Despite battery progress, range is still the £64,000 question for any electric vehicle, but on a short winter's day I didn't have time to test it properly. The Photon has a 10kwh battery and the closest equivalent Zero S with a bigger 14.4kwh claims 120 miles of mixed stop-start and 70mph cruising. The bikes are about the same size and weight, so all other things being equal, that would translate as over 80 miles for the Photon. The company test rider told me he had ridden the bike to Aberystwyth and back at 50-60mph, which is about 80 miles... so, quid pro quo? I'd like to do that ride myself to confirm, but if so the Photon does have a realistic 80-mile range.

Charging... the Photon has a 7kw charger and Type 1 connector, which means it can charge from many of the public charge points – a full recharge takes about 90 minutes, according to the maker, and of course you can give it a quick top-up whenever.


Handling, suspension, chassis and weight

If you've ridden a standard Bullet, you'll be amazed at just how similar the Photon is – that is, if you take out the obvious difference. The frame, suspension, geometry and weight are hardly changed from standard, so the Photon handles very much like the original. The paper spec of unadjustable front forks and old-fashioned twin rear shocks might look unpromising, but they cope with the performance well and like a Bullet the Photon isn't quick steering but feels very secure on bumpy corners while the Michelin Sirag tyres cling on well. They do reckon that the subframe bolted in to hold the batteries makes the standard main frame stiffer, which may well be true, and the bike was unwavering at its top speed.


An electrified version of the Royal Enfield Bullet, known as the Photon, built by Electric Classic Cars – and we’ve ridden it


2020 Photon Brakes

The standard Bullet stoppers of a 280mm disc front and 240mm item rear do the job, though the front felt a bit wooden on the test bike (which to be fair had covered 5000 miles), and for £20,000 I'd like to see uprated brakes as part of the package. But there is a third brake, of a sort – on the overrun, regenerative braking turns the motor into a generator, putting a small amount of power back into the battery. It also adds a bit of 'engine braking' (if that's the right phrase in this context) which is reassuring thing for four-stroke petrol heads.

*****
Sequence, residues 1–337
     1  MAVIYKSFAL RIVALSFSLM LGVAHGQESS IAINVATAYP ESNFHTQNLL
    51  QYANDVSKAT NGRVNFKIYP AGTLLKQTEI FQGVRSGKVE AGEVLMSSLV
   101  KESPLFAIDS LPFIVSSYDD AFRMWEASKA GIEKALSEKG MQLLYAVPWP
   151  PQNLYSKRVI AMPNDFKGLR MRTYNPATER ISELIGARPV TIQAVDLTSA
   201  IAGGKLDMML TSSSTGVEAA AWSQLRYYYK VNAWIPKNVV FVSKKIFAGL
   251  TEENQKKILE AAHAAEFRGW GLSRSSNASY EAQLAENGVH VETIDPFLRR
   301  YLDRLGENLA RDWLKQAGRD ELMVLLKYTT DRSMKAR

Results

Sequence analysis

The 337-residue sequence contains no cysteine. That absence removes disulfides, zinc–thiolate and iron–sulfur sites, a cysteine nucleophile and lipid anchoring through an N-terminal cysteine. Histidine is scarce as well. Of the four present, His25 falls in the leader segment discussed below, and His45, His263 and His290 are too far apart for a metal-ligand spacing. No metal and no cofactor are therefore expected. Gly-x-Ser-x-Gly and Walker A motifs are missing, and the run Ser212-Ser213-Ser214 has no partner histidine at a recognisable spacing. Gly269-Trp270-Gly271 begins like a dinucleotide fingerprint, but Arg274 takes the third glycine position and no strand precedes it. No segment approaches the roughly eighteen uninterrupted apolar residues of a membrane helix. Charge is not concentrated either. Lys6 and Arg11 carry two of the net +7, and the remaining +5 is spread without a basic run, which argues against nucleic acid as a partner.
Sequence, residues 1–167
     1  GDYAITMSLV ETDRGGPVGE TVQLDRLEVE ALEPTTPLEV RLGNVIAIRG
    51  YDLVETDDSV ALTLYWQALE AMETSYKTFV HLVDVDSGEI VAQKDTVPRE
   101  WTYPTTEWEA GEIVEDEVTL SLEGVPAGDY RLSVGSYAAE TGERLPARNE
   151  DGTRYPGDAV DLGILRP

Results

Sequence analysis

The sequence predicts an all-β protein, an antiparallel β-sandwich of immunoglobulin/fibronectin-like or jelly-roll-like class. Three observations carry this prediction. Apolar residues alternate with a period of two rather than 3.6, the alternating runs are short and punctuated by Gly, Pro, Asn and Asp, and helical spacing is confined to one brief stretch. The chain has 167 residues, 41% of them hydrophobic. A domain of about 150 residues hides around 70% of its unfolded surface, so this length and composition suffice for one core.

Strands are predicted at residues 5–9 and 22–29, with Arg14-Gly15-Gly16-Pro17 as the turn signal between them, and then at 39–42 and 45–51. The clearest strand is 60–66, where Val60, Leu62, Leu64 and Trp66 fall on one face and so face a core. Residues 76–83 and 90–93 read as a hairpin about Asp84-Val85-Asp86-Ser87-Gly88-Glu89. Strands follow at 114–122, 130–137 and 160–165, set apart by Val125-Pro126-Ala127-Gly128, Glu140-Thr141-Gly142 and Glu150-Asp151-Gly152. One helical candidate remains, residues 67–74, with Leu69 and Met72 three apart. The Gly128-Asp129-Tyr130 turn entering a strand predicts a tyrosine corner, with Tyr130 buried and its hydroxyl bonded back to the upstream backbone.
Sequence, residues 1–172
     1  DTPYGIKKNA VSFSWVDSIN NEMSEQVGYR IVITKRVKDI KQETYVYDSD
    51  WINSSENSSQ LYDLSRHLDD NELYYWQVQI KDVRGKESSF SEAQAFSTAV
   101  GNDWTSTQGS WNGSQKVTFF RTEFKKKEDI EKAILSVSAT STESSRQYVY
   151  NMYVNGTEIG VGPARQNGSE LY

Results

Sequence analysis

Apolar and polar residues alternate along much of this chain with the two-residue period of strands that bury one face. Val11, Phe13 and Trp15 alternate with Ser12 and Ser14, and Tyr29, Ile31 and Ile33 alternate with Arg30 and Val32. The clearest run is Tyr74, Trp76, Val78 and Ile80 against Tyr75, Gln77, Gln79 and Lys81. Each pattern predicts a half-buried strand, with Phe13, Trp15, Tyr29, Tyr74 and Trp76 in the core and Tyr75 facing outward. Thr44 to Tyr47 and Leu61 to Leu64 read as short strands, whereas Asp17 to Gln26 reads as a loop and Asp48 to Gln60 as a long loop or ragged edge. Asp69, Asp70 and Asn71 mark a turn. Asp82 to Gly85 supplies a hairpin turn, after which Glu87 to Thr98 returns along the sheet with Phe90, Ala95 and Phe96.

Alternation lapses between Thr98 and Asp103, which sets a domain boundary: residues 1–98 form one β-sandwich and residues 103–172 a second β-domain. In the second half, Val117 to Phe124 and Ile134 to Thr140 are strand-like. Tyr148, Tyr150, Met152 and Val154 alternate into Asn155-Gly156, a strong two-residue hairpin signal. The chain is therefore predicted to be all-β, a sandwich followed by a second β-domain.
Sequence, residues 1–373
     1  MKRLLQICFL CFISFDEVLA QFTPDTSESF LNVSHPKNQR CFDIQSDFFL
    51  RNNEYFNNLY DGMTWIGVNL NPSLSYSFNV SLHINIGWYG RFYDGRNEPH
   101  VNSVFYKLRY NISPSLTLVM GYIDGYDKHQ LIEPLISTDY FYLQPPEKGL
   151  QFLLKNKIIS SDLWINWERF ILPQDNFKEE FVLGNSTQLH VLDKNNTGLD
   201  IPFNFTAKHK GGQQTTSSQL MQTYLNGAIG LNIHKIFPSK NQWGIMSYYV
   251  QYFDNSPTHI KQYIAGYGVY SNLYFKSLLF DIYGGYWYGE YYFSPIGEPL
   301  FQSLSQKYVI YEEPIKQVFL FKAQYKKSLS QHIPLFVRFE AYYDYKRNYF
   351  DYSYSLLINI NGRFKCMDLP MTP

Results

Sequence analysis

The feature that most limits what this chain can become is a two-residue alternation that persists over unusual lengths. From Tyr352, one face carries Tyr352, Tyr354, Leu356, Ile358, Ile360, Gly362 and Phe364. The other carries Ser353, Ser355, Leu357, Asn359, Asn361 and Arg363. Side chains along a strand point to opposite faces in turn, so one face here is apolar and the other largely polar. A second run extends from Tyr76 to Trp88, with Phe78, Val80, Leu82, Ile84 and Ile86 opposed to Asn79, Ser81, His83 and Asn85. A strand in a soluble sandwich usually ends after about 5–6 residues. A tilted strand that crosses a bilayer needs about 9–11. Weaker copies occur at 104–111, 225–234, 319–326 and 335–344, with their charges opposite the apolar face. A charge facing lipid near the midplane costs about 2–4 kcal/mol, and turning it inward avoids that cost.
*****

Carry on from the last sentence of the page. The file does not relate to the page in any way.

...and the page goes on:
Comfort over distance and touring

Bullets are surprising comfortable bikes over distance, and I reckon the Photon would be no different. It has a nice neutral riding position and the solo saddle is very comfy. You're a bit in the wind over 50mph, but there a big choice of accessory screens on the market. The only limit on touring would be the range, but a different sort of touring – 150 miles a day with a couple of recharge stops – would be feasible.


Rider aids and extra equipment / accessories

There's not much in the way of rider aids, though the latest Bullets do of course have ABS. Instrumentation is limited to the standard Bullet speedo with an added battery level indicator. On production bikes the ammeter will show how much power is being used, and how much put back into the battery with regen. There are all sorts of aftermarket screen and luggage accessories for the Bullet which will fit the Photon, and they're also planning a long-range version, with two extra batteries in leather panniers. An electrified Continental GT is likely as well.


An electrified version of the Royal Enfield Bullet, known as the Photon, built by Electric Classic Cars – and we’ve ridden it


2020 Photon Verdict

If you want an electric motorcycle for commuting (and for that they make a lot of sense) buy a Zero, because with a smaller 7.2kwh battery it's half the price of the Photon. But if you can afford a Photon, go for it. As well all the logical reasons to go electric – lower emissions, very low maintenance and easy riding – it's stylish, well executed and has the range and performance for pleasant day rides.


Three things I loved about the 2020 Photon…

  • Surprisingly quick
  • Easy to ride
  • Looks good


Three things that I didn’t…

  • The price
  • The range
  • No fettling required


2020 Photon Spec

New price


Motor type

Three-phase hub, water-cooled

Battery type

10kwh (4 x 2.5kwh lithium-ion)





Top speed



Direct drive


c80 miles (see text)

Recharge time

c90 minutes

Reserve capacity


Rider aids



Tubular steel, with extra battery subframe

Front suspension

35mm telescopic forks, 130mm travel

Front suspension adjustment


Rear suspension

Twin shocks, 80mm travel

Rear suspension adjustment

Pre-load, 5-position

Front brake

280mm disc

Rear brake

240mm disc

Front tyre


Rear tyre





2140 x 800 x 1080mm



Ground clearance


Seat height


Kerb weight



12 months


Enquiries to Electric Classic Cars –